Halifax

Halifax downgrades road safety framework

On Wednesday, June 19, Halifax’s Transportation Standing Committee met and watered down the city’s Strategic Road Safety Framework. During the debate, the HRM’s newly promoted executive director of Public Works, Lucas Pitts, told councillors that this new plan was an upgrade because it was a “systems-level approach” to road safety.

When debating the new framework councillor Trish Purdy asked Pitts if any city had managed to avoid killing people on public infrastructure and if so “what are they doing and can they maintain that for more than one year?” Pitts responded that yes, there was one place called Hoboken, New Jersey which has managed to avoid killing anyone with public infrastructure for the past seven years. But, in a scathing indictment of his fitness for his new title, Pitts told councillors that Hoboken succeeded by “cheating” because they have narrower roads which are only about eight feet wide. Whereas when Halifax was updating our municipal Red Book, which could also be considered a road safety Game Genie, we decided not to activate the God Mode cheat and make our car lanes eight feet wide. Instead when our city staff and councillors last updated the game genie in 2021 we for no real discernible reason, chose not to do what has been successful elsewhere and instead chose the more fatal width of nine feet and 10 inches, or three metres. Instead of “cheating” and making our lives safer we’re upping the stakes and letting a few more people die some preventable deaths to feel a greater sense of accomplishment when we fix something we could fix at any time but are choosing not to.

This new road safety framework was deferred from May’s meeting of the Transportation Standing Committee because local advocacy groups, like the Halifax Cycling Coalition, said the city should be measuring progress in absolute terms instead of gauging the plan’s success on a year-over-year per capita reduction. At that meeting, staff told the committee that there are advantages to using the per capita system, specifically that we could compare ourselves to jurisdictions of other sizes and learn lessons from their success. And if Halifax’s city staff had compared Hoboken’s success with our failures it’s very easy to see why they have been successful and Halifax has not.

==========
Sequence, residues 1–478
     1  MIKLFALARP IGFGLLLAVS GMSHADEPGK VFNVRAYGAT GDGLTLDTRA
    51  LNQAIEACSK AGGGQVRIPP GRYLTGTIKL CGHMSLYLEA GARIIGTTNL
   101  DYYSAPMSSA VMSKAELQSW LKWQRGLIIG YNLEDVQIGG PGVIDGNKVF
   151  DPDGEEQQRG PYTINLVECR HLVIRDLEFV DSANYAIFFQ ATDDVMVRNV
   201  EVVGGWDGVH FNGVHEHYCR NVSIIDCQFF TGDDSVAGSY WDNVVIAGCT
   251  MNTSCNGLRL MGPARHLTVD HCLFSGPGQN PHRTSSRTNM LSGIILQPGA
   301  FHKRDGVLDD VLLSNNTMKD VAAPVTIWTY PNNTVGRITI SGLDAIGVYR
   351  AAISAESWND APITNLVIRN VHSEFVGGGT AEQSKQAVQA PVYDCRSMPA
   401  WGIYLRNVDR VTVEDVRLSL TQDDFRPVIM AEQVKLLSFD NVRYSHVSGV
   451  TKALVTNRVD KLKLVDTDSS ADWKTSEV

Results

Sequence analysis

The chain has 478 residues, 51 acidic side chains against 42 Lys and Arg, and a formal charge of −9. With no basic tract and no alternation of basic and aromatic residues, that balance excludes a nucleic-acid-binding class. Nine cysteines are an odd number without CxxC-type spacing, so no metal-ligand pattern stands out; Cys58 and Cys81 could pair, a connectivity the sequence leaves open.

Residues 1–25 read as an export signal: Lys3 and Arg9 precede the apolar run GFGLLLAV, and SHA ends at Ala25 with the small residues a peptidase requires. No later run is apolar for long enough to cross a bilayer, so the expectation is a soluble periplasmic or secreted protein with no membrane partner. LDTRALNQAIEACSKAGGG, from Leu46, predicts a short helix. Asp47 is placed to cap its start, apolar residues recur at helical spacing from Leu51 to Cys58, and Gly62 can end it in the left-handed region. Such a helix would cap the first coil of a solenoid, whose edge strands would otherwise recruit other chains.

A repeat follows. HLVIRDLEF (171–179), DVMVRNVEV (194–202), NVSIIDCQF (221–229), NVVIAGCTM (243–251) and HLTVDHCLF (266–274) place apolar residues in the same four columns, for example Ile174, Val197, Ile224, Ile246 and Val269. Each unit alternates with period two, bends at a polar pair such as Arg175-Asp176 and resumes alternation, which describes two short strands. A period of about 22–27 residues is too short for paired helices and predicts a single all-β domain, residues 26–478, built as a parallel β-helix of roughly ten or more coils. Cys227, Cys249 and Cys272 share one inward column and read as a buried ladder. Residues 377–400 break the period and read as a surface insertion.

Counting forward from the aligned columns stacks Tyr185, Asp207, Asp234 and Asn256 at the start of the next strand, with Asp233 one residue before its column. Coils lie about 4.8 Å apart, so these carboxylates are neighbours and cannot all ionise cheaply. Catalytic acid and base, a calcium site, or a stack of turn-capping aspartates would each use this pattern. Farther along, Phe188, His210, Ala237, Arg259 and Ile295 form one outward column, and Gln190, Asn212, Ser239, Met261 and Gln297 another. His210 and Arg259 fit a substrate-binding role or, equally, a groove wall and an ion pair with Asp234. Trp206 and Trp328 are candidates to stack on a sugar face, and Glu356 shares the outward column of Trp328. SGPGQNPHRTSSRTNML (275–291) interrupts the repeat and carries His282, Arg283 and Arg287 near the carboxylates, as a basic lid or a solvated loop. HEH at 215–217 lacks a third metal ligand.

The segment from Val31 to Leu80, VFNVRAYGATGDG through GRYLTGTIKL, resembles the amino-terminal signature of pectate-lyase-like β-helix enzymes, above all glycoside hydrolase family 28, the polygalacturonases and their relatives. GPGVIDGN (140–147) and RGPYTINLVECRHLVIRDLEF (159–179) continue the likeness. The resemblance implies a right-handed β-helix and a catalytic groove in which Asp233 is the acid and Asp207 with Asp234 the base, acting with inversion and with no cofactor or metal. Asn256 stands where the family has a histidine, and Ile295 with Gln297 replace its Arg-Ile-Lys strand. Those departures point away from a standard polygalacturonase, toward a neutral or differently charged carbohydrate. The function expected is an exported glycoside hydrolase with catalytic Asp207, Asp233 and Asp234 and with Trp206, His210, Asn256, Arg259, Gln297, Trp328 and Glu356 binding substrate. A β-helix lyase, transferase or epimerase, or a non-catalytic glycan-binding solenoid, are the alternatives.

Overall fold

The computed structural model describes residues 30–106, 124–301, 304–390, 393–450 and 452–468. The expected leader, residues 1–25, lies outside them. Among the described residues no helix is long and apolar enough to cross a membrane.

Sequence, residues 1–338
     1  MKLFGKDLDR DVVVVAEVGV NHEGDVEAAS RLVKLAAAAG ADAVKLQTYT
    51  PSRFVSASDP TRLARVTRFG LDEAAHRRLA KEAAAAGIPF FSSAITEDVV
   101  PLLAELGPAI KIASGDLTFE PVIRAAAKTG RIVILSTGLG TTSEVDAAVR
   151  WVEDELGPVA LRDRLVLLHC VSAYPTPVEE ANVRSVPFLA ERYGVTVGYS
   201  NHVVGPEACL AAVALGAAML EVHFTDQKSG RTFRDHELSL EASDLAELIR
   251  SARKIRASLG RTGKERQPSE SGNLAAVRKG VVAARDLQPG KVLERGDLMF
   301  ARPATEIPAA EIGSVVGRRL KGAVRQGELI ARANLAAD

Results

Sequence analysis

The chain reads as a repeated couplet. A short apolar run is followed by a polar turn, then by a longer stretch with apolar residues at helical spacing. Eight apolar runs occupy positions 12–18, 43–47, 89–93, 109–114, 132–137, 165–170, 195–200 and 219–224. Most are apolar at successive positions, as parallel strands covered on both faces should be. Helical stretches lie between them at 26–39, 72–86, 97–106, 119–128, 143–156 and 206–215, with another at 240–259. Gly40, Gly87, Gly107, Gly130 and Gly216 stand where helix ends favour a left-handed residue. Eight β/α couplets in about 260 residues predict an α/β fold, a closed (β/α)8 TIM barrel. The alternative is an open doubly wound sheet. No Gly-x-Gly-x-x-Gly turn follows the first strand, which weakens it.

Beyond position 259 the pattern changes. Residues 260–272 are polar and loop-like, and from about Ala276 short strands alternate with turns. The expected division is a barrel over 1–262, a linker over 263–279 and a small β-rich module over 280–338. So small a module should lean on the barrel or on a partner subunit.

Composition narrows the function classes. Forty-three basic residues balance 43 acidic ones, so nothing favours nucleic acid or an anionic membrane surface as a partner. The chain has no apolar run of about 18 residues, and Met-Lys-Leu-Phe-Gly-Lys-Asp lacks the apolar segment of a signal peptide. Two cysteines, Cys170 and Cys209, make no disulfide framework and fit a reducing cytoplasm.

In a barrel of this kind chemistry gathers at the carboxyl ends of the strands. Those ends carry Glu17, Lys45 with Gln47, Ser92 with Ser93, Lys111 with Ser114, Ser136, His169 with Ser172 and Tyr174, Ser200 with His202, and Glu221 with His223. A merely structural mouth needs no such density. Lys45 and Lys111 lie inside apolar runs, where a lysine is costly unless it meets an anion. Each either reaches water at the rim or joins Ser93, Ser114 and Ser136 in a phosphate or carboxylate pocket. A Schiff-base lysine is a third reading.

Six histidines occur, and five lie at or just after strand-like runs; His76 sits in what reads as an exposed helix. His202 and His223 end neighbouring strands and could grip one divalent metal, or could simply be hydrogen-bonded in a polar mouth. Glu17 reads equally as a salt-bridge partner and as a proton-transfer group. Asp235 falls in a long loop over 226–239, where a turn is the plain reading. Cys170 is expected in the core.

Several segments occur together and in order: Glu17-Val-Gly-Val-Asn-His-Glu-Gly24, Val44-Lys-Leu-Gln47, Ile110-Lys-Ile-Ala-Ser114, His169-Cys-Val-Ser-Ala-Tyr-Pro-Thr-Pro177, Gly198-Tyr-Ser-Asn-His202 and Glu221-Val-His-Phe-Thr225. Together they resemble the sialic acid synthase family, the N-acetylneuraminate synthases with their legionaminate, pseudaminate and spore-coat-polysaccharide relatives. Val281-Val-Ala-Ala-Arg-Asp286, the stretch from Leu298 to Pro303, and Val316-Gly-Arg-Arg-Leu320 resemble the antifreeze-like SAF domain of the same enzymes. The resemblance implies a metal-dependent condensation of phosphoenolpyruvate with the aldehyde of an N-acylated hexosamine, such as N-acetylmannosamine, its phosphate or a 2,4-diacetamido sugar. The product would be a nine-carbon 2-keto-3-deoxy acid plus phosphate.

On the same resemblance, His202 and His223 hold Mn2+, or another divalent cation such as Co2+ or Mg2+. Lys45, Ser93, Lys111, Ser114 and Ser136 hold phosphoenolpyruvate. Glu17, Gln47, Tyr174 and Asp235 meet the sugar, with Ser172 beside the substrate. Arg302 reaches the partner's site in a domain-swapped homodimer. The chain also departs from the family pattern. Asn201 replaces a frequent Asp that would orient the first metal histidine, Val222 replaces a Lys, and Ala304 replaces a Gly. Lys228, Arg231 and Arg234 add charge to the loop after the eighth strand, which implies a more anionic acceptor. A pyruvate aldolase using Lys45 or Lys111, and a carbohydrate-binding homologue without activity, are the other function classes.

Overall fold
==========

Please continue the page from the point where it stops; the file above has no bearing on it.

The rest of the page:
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While it is true that the speed of Hoboken’s success is likely due to its smaller size, the reason for its success is that its road safety plans are just miles better than anything so far produced by the city of Halifax. For example, here’s the entirety of Halifax’s safe roads section of our new road safety framework

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HRM

The entirety of HRM’s “systems level” plan to safer streets

And here’s part of Hoboken’s safe streets section

click to enlarge Halifax downgrades road safety framework

Hoboken, New Jersey

Part of page 1 of Hoboken’s safe streets plan in their version of the strategic road safety framework

After about 30 seconds of comparison between the two road safety plans what becomes very clear is that Halifax city staff say we have a systems-level approach to road safety, but Hoboken has an actionable plan, people responsible for enacting that plan, and a timeline for when it needs to be enacted. Hoboken is not cheating, their city staff just understood the assignment given to them by their council whereas Halifax’s city staff does not.

  With apologies to people who understand this already, it’s important to understand what’s wrong with our system and to understand what a systems-level approach is before it’s possible to explain what our staff would be doing if our government was also firing on all cylinders.

Like the city of Halifax, Hoboken has created a lot of strategic plans that can be compared to things like Halifax’s Integrated Mobility Plan, Bus Rapid Transit, The Green Network Plan, or the initial 2018 Strategic Road Safety Framework. Their plans, like our plans, looked at our transportation system, figured out what the issues were for its slice of the problem, and then proposed ways to fix them. In a systems-level approach, like the one in Hoboken, strategic plans are then compared with each other to identify common issues in the transportation system. Any government that has ever done this, including Halifax and Hoboken—but also Wales and Paris—have found that almost all of their transportation issues can be traced to the size, volume and speed of automotive traffic. And that due to the independent and hard-to-police nature of automotive transportation, the only reliable way to make transportation cleaner, safer, and fiscally viable as a municipal service is to remove the volume of cars and to physically restrict the movement and speed of automotive traffic. And the best way to remove cars is to do things like provide safe alternatives to car travel or stop subsidizing automotive transportation.